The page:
I haven’t written on this topic in a long time, but read something today that inspired me to do so. From a DailyKos article written yesterday (emphasis mine):
In that light, while Obamacare is not the best option, it is the best option that was attainable given a corrupt Congress and a corrupt political process. It is imperative that Americans enroll in the exchanges. It is imperative that Obamacare as a first step in our health care reform is marginally successful.
While it is not spoken about much, Obamacare is the first step on a path toward a single-payer system. Those on the left that are upset that it isn’t a single payer system already must stay in the game. They must continue to fight for single payer. That said, they should not be fighting against this law because it was not their ideal or because in the initial stages of this law private insurance companies will still reap an unearned profit from skimming. Battles are won either incrementally or revolutionarily. The second option is simply not in the current American DNA. As such all must play the long game. HR 676 will be a closer reality if Obamacare is effected.
This is a false choice. It it not an either or situation. The situation is whatever we make it. Reducing health care work to an either/or choice creates an absurdly simple view to a very complex problem.
I characterize people who advocate this position “incrementalists”. And here is my biggest problem with them: what is the strategy in this amorphous “long game”? What steps take us from our current position to single payer health care, which every other industrialized nation on earth except the U.S. implements? There are never any steps, strategies, or tactics that take us from here to there. I adapt a common argument used on DKos:
3. Single payer! Yay!
Incrementalists make excuse after excuse after excuse, all the while apologizing for all the people who are immersed in the aforementioned corrupt system, but then lecture folks who oppose Obamacare because it was written by industry and not by other health policy entities. Futhermore, Obamacare doesn’t ensure health care to all people, just health insurance to some more people. It took 18 months for the incrementalists to capitulate to industry and the political establishment, after which the Democratic base sat out the 2010 elections. Historically, we address health care legislation once per generation. In 25 years, what steps will we take toward single payer, if that is really the goal of the incrementalists? How many generations need wait until we implement a 20th century health care system? In the meantime, what improvements to today’s system will the rest of the industrialized world implement?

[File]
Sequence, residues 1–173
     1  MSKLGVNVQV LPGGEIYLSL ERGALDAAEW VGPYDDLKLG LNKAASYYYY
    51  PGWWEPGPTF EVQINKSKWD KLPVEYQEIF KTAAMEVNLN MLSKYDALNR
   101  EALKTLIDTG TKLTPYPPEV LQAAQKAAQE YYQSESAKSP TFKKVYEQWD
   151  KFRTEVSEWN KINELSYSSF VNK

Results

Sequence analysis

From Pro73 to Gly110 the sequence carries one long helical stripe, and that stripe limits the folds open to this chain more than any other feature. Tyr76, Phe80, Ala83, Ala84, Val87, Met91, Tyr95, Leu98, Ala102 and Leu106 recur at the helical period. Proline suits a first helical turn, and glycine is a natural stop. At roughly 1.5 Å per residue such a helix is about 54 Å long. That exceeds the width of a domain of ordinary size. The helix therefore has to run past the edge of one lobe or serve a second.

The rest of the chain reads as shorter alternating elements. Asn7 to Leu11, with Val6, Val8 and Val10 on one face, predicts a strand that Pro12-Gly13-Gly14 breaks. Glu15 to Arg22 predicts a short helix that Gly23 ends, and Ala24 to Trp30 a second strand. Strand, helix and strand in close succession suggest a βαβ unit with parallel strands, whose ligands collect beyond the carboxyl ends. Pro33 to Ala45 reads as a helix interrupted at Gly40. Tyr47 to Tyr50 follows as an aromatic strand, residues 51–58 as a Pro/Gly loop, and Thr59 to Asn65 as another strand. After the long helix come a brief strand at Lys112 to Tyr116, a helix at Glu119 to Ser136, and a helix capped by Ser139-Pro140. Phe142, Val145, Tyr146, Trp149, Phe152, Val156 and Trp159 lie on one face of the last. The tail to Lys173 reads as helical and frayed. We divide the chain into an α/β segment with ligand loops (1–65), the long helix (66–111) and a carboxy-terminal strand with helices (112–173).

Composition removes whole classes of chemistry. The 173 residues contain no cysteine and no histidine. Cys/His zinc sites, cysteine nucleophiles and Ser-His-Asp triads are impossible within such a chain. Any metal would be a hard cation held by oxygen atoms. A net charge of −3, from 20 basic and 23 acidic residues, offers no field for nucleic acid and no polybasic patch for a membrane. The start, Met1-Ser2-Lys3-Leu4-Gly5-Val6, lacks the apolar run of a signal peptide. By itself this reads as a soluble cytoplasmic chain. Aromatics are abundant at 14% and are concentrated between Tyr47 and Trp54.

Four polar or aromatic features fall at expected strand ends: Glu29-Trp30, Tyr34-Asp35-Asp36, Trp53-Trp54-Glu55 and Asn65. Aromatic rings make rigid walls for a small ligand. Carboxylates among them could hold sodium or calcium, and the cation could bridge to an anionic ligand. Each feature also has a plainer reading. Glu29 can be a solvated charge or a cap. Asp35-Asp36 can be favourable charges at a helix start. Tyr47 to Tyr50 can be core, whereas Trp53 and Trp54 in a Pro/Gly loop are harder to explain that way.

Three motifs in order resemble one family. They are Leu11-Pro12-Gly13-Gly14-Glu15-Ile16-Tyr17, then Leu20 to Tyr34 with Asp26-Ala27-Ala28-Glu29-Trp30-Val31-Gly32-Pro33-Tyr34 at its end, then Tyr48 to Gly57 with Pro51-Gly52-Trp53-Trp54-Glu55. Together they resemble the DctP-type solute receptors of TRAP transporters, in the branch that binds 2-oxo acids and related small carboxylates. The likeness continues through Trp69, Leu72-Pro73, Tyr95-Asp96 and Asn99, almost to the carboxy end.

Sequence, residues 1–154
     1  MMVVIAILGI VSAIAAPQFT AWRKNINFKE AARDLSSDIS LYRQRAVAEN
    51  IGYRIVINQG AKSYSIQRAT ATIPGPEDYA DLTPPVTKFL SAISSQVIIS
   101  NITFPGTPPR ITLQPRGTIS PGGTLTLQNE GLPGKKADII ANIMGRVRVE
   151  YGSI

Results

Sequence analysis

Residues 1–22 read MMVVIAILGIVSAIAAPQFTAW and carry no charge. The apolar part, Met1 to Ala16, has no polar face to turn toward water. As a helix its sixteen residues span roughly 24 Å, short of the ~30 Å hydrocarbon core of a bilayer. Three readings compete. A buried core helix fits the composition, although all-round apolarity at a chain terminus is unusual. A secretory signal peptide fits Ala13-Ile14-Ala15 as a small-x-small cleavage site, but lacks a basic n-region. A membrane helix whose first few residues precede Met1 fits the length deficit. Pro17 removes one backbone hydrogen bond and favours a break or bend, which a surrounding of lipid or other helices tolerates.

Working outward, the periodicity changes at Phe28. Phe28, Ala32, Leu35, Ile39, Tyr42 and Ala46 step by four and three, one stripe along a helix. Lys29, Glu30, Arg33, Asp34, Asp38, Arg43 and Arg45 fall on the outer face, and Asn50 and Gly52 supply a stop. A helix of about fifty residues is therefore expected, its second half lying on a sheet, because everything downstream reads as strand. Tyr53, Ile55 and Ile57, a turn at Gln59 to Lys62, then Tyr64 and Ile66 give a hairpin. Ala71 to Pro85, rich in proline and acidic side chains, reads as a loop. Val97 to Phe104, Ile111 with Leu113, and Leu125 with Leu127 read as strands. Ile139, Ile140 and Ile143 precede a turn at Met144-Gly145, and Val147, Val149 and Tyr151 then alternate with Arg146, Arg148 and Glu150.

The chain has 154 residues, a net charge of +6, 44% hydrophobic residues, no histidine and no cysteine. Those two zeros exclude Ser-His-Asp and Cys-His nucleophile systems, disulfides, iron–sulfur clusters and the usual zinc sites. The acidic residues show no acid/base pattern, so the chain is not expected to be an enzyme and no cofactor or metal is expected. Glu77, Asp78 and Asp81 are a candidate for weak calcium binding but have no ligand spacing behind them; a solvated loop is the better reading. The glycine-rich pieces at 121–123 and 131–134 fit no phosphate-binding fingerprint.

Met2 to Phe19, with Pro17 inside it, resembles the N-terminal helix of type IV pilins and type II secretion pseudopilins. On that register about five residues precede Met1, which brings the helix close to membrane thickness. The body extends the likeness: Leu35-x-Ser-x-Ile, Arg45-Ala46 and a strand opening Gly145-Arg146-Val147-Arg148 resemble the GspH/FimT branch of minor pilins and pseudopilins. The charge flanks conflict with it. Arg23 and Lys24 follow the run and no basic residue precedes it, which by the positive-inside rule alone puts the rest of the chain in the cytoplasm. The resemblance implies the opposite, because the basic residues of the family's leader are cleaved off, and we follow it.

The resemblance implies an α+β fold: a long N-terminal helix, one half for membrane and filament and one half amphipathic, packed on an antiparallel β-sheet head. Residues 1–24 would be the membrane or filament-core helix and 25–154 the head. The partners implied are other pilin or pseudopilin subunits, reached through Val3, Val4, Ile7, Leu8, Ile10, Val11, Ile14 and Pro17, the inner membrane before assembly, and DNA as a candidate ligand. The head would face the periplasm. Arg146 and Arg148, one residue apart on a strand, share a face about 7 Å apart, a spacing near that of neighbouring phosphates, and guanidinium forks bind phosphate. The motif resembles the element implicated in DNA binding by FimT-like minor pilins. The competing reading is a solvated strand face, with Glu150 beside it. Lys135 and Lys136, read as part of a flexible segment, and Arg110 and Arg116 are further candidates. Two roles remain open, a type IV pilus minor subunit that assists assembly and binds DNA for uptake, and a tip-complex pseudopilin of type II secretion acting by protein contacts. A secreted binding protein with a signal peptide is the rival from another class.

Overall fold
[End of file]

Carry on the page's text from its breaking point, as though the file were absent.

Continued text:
Going back to that first paragraph, let’s highlight the following. “It is imperative that Americans enroll in the exchanges.” If this were true, why didn’t the Obama administration work to make sure Americans were ready to enroll come tomorrow? They’ve only had three years to figure out an enrollment strategy that is absolutely critical to the entire program’s success and implement it. What were they doing? Incremental work, I suppose. Which is why 60+% of Americas have no idea what tomorrow’s open enrollment consists of.
“It is imperative that Obamacare as a first step in our health care reform is marginally successful.”
Really? 18 months of negotiation, three years of shoddy implementation, and the best the author can come up with is it’s imperative Obamacare is only marginally successful?! The insurance companies get 30 million new customers (read: profits) and the best we can do is marginal success? Millions of Americans are shut out from Obamacare because they have the misfortune of Teabagger governorship, but marginal success is incrementally better than no success, right? It is this blind acceptance of sub-par results that lays the foundation for incrementalists. I expect more from my country and fellow Americans. Unfortunately, I am part of a minority. The majority accepts mediocrity as the best they can achieve.